The city of Dunedin considers itself ‘the Edinburgh of the South’ so it seems only fitting that a short drive away along the Otago Peninsula, you will find New Zealand’s only castle. An imposing vision sitting atop a hill, Larnach Castle is infamous, in New Zealand at least, for it’s scandalous history and rumors of ghosts.

Some say calling it a castle is little over the top, given it was never home to royalty and lacks the basic knight armour and swords that are showcased in European castles. From a distance, you could imagine that it was once home to knights and ladies who staged jostling tournaments and protected their domain from invaders.

larnach-castleBut the truth of the matter is that it’s not that old (1871) and it was built not by a king but by an Australian born merchant, banker and politician William J.M. Larnach for his wife Eliza Jane and their six children.

 

 Building began in 1871 with no expense was spared – marble was imported from Italy, glass came from Venice, and tiles from England.  Special features included a Georgian hanging staircase (the only one in the Southern Hemisphere), carved wooden ceilings, a Venetian glass wall with panels representing England, Ireland, Scotland, and New Zealand, and a one tonne marble bath that took six horses and twelve men haul up the 1000 foot hill to the building site.

Sadly, by the time it was finished in 1876, his beloved wife had died. This was the first of many tragedies to strike Larnach Castle. William Larnach’s luck never improved. He married two more times, but his second wife (Eliza’s half-sister) also died and his third, it was rumoured, had an affair with Larnach’s eldest son, Douglas. William Larnach himself committed suicide in 1898 by shooting himself in the head.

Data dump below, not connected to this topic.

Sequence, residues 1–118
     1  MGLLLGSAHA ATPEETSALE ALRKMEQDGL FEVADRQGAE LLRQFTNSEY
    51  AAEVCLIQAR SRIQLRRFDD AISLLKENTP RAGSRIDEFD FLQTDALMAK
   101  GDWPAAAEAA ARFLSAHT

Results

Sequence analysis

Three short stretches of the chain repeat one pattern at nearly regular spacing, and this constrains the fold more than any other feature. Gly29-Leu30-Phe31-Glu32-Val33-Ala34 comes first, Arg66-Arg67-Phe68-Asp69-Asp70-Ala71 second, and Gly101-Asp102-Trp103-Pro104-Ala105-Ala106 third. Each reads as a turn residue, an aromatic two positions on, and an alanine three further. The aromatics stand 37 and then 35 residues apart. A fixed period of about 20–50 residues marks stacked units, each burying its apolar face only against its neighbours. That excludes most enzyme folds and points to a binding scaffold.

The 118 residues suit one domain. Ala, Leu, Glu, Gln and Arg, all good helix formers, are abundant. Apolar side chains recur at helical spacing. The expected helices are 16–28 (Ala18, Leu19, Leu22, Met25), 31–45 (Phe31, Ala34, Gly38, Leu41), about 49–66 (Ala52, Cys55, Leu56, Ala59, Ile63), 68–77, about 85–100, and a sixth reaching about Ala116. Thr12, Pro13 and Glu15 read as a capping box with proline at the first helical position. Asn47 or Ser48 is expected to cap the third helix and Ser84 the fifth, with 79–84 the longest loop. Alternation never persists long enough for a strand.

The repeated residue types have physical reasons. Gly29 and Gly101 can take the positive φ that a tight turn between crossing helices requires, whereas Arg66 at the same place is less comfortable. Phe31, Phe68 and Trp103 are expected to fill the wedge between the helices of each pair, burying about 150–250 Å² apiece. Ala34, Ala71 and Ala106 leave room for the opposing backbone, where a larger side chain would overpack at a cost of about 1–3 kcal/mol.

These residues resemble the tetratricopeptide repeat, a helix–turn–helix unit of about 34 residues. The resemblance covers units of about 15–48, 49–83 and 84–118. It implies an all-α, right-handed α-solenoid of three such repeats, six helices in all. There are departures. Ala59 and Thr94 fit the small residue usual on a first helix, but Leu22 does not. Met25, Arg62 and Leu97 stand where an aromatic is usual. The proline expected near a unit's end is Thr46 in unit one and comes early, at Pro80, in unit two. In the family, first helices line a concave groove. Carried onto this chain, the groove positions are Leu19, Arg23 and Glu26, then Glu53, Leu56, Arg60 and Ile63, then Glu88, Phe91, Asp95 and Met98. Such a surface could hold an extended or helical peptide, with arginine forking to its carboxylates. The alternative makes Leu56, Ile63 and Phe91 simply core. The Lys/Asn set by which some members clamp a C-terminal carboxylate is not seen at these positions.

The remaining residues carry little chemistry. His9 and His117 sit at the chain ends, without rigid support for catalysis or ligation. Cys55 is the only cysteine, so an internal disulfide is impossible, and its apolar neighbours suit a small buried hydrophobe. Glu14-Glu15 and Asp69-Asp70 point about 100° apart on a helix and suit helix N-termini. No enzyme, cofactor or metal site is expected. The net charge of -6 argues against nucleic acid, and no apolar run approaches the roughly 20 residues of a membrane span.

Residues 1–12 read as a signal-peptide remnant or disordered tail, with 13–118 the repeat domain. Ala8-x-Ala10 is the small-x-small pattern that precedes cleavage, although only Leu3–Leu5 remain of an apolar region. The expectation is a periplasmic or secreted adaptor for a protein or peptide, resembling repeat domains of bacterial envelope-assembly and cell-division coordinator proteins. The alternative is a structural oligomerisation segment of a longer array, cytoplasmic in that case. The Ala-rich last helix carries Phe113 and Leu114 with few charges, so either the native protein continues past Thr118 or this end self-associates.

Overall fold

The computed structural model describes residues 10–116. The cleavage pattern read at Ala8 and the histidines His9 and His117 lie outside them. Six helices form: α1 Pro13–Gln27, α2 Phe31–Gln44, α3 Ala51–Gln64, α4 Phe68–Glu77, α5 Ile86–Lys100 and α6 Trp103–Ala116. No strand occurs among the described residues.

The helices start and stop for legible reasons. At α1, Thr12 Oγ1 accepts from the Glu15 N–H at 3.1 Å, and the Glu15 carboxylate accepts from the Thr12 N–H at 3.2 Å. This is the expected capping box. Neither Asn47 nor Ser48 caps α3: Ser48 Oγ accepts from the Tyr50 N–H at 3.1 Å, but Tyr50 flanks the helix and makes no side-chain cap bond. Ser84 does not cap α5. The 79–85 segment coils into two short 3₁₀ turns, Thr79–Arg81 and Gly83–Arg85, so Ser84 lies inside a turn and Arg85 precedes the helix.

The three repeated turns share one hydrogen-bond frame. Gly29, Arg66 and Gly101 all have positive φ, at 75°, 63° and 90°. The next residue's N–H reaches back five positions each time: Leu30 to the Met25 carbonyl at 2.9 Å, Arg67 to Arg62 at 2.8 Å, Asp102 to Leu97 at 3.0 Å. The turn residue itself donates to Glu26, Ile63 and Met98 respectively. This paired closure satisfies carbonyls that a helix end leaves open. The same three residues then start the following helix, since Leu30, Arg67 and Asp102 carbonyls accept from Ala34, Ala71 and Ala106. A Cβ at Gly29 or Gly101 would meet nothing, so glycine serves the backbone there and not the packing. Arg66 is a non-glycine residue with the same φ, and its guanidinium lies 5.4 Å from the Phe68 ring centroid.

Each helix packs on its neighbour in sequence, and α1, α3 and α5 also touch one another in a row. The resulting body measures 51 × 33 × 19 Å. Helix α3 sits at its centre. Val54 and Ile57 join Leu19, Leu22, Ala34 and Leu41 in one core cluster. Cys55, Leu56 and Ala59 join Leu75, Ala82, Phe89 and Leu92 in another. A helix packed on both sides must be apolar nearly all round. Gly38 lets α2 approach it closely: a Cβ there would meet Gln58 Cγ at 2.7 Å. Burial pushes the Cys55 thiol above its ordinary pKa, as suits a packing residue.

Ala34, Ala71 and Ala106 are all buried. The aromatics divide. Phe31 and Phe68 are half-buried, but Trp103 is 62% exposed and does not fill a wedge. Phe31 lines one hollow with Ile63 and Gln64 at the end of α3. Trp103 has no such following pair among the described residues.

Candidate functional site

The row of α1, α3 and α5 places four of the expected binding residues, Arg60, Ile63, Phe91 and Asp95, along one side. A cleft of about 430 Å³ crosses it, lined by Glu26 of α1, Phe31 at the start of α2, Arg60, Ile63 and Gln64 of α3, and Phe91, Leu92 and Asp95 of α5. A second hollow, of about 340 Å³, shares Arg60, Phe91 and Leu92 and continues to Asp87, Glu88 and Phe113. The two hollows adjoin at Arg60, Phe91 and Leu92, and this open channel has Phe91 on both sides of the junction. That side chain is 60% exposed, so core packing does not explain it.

So you can see why there might be ghosts.

The first Mrs. Larnach, who died alone of apoplexy, has been known to make her presence felt near the bedroom in which she died.

Larnachs’ favorite daughter Katie, who died of typhoid in 1888, is said to haunt the ballroom that had been built to celebrate her 21st birthday in 1886.

The tragedies, one after the other, broke the family and  caused tremendous legal tussles over the estate.

As a result…

…Larnach Castle was sold and over the years evolved from a rich man’s showplace to a nun’s retreat, a billet for shell-shocked soldiers, a children’s holiday camp, a antiques salesroom,  once used as a cabaret, and even became mental asylum. At one stage, during WWII,  American soldiers from the signal corps called Larnach Castle home.

It changed owners frequently until finally bought in 1967 by the Barker family who set about  restoring Larnach Castle to its former glory. Not an easy task, given that the castle was, by this stage, empty of all furniture, the ballroom had been transformed into a sheep pen, and the building and gardens were in a state of total disrepair. Many told them they were crazy to take on such a mammoth undertaking.

 But they persevered and managed, over three decades, to transform the run down building into a thriving business. But better yet, they managed to save a major part of Dunedin’s heritage.

larnach-castle-gardensThese days Larnach Castle  attracts visitors from around the world. Ghost hunters, garden lovers, honeymooners, and travellers – they all come to see this unique castle and gardens that sit commandingly above the Otago Peninsula.

You can visit for the day or stay for the night. But with so many ghosts wandering the halls, you’ll be pleased to know the hotel accommodation is not in the Castle itself  but in the separate Larnach Lodge. Built in 1982, it features 12 individually decorated rooms, all with panoramic views of the harbor. While breakfast is served in the adjacent converted stables, you can arrange to have dinner in the castle’s main dining room. Who knows, you might even end up with a ghostly guest or two.

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